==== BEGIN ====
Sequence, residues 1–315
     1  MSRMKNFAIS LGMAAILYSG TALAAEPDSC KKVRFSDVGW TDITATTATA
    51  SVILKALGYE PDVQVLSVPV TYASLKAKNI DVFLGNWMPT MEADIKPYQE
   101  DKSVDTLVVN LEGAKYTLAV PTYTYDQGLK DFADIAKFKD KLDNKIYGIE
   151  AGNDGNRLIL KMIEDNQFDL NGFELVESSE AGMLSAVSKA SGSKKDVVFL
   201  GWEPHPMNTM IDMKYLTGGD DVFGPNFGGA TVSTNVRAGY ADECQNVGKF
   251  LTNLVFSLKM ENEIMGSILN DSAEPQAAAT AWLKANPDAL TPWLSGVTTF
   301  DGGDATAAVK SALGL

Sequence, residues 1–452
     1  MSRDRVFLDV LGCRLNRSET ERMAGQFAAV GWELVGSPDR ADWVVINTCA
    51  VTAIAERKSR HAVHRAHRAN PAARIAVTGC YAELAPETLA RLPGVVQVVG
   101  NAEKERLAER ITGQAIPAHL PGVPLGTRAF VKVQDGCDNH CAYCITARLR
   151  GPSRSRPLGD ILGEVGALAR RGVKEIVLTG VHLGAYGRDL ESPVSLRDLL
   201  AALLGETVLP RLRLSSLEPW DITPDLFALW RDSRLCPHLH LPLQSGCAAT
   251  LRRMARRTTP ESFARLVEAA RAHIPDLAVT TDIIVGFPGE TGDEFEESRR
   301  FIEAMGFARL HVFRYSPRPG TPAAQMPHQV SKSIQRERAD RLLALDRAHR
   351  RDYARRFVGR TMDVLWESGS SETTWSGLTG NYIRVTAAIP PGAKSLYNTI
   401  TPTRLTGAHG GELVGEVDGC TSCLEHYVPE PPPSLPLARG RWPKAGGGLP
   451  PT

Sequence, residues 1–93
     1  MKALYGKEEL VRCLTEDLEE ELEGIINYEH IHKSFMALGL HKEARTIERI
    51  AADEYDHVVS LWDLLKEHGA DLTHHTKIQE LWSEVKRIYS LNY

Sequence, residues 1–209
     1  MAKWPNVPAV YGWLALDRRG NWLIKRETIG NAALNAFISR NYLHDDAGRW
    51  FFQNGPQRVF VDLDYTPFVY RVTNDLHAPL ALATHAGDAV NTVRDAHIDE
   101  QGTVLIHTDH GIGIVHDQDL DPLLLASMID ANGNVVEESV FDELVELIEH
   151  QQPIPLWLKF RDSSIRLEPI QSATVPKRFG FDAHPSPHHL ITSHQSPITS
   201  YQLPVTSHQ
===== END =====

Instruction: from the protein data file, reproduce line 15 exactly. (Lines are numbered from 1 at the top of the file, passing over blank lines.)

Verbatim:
   251  LRRMARRTTP ESFARLVEAA RAHIPDLAVT TDIIVGFPGE TGDEFEESRR